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Am J Physiol Lung Cell Mol Physiol. 2001 May;280(5):L991-8.

Synexin and GTP increase surfactant secretion in permeabilized alveolar type II cells.

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  • 1Division of Neonatology, Department of Pediatrics, Thomas Jefferson University, Philadelphia, Pennsylvania 19107, USA. achander@mail.som.sunysb.edu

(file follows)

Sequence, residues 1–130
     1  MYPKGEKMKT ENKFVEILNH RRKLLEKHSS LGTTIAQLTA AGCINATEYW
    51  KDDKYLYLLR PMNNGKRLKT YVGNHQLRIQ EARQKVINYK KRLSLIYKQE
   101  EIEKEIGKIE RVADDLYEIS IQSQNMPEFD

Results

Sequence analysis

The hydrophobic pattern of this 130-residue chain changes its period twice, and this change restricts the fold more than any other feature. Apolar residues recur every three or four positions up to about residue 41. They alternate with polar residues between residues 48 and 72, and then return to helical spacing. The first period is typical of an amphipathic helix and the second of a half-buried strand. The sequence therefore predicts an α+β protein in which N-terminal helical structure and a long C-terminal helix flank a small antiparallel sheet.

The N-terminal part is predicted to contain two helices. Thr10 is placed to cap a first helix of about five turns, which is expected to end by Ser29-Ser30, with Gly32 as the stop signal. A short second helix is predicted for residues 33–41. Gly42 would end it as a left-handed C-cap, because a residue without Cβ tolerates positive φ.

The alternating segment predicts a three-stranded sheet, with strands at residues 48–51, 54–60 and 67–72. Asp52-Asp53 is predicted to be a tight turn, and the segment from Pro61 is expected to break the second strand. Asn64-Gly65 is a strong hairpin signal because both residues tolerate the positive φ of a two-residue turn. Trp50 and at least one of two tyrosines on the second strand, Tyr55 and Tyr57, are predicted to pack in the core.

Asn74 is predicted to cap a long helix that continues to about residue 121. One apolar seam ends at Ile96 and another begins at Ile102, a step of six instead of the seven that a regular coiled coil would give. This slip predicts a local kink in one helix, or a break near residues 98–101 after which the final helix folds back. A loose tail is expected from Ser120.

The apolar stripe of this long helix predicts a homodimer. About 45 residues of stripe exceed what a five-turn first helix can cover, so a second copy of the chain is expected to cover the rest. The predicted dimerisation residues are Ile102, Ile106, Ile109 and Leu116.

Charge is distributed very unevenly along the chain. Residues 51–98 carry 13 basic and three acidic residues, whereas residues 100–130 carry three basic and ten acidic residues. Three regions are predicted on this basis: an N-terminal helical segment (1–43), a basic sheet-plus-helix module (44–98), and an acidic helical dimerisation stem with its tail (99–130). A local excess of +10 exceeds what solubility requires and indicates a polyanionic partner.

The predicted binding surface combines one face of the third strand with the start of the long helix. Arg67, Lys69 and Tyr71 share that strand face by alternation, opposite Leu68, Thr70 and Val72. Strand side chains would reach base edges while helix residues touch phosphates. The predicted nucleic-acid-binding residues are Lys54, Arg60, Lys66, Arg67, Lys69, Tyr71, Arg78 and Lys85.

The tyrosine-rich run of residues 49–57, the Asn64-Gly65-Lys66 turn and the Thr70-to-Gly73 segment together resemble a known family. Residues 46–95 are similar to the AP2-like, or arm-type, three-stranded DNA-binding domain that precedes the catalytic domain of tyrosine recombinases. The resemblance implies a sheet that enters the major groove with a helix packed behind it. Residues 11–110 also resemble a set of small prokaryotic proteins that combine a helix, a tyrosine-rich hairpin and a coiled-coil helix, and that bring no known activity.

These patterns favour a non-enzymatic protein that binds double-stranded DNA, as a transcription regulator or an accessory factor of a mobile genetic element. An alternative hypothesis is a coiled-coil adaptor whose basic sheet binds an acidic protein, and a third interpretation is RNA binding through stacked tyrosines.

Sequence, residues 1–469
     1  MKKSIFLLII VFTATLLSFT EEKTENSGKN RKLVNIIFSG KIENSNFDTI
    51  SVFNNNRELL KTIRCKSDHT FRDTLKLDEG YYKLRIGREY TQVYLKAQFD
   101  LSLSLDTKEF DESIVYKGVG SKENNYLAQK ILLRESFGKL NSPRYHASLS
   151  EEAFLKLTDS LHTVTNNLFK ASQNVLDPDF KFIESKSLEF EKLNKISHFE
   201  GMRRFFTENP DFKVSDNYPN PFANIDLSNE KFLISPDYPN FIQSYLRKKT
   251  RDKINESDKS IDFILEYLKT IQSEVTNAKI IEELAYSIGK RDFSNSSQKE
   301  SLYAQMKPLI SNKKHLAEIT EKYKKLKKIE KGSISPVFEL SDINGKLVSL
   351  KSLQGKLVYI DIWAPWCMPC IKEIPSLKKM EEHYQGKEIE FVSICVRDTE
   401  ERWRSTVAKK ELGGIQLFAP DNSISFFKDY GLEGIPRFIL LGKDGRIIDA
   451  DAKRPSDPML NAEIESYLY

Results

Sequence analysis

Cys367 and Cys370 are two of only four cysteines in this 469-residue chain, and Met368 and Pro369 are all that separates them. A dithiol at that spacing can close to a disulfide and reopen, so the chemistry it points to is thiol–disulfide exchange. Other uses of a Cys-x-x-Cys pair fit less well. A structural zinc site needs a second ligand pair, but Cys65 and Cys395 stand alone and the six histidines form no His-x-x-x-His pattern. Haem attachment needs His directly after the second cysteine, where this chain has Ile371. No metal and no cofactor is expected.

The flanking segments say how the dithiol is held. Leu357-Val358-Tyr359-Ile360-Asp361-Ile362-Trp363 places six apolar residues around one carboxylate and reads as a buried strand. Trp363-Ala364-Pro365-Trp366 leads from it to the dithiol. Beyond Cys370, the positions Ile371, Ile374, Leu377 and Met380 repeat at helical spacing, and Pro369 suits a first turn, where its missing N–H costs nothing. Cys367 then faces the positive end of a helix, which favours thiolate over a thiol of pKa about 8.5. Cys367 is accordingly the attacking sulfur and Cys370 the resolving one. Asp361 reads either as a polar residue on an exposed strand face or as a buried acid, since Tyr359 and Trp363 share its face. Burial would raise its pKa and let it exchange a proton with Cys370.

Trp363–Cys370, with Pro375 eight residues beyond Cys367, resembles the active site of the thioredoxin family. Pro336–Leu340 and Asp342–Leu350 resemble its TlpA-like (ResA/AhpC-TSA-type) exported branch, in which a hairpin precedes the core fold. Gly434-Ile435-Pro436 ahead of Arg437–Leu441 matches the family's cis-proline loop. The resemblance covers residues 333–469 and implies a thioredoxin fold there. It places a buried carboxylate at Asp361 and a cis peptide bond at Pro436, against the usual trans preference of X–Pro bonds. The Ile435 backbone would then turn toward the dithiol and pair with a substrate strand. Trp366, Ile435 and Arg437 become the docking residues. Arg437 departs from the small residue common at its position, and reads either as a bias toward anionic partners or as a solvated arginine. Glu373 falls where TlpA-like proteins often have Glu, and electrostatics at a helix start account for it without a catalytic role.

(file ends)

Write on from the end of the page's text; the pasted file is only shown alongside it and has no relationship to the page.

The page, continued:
We have previously suggested that synexin (annexin VII), a Ca(2+)-dependent phospholipid binding protein, may have a role in surfactant secretion, since it promotes membrane fusion between isolated lamellar bodies (the surfactant-containing organelles) and plasma membranes. In this study, we investigated whether exogenous synexin can augment surfactant phosphatidylcholine (PC) secretion in synexin-deficient lung epithelial type II cells. Isolated rat type II cells were cultured for 20-22 h with [(3)H]choline to label cellular PC. The cells were then treated with beta-escin, which forms pores in the cell membrane and releases cytoplasmic proteins including synexin. These cells, however, retained lamellar bodies. The permeabilized type II cells were evaluated for PC secretion during a 30-min incubation. Compared with PC secretion under basal conditions, the presence of Ca(2+) (up to 10 microM) did not increase PC secretion. In the presence of 1 microM Ca(2+), synexin increased PC secretion in a concentration-dependent manner, which reached a maximum at approximately 5 microg/ml synexin. The secretagogue effect of synexin was abolished when synexin was inactivated by heat treatment (30 min at 65 degrees C) or by treatment with synexin antibodies. GTP or its nonhydrolyzable analog beta:gamma-imidoguanosine-5'-triphosphate also increased PC secretion in permeabilized type II cells. The PC secretion was further increased in an additive manner when a maximally effective concentration of synexin was added in the presence of 1 mM GTP, suggesting that GTP acts by a synexin-independent mechanism to increase membrane fusion. Thus our results support a direct role for synexin in surfactant secretion. Our study also suggests that membrane fusion during surfactant secretion may be mediated by two independent mechanisms.

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